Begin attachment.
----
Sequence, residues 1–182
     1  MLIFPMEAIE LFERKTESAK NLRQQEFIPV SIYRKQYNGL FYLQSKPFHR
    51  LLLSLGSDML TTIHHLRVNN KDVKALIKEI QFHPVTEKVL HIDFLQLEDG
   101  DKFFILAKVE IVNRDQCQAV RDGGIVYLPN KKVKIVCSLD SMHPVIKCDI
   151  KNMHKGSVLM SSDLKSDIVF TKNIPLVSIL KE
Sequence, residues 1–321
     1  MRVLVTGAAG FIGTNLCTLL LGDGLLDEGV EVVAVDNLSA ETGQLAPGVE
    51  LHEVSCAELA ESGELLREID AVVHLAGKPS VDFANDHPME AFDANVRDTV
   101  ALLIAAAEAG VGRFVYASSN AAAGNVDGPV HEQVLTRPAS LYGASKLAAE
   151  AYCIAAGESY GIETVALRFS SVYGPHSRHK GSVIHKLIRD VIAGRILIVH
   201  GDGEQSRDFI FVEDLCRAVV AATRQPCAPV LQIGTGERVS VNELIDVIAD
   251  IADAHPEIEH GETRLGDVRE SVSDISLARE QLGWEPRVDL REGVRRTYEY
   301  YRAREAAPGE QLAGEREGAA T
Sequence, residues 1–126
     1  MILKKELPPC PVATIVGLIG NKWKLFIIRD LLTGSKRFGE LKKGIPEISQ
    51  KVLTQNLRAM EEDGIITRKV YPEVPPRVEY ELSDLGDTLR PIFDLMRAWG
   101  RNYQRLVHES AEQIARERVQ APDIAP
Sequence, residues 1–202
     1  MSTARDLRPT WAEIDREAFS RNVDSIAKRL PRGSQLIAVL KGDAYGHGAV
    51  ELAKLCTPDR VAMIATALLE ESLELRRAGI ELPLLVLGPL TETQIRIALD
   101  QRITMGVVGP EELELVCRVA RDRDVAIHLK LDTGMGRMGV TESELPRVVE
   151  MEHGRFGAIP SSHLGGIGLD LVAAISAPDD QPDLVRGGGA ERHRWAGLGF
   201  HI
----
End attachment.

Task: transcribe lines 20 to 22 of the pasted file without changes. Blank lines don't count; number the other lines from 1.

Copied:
    51  ELAKLCTPDR VAMIATALLE ESLELRRAGI ELPLLVLGPL TETQIRIALD
   101  QRITMGVVGP EELELVCRVA RDRDVAIHLK LDTGMGRMGV TESELPRVVE
   151  MEHGRFGAIP SSHLGGIGLD LVAAISAPDD QPDLVRGGGA ERHRWAGLGF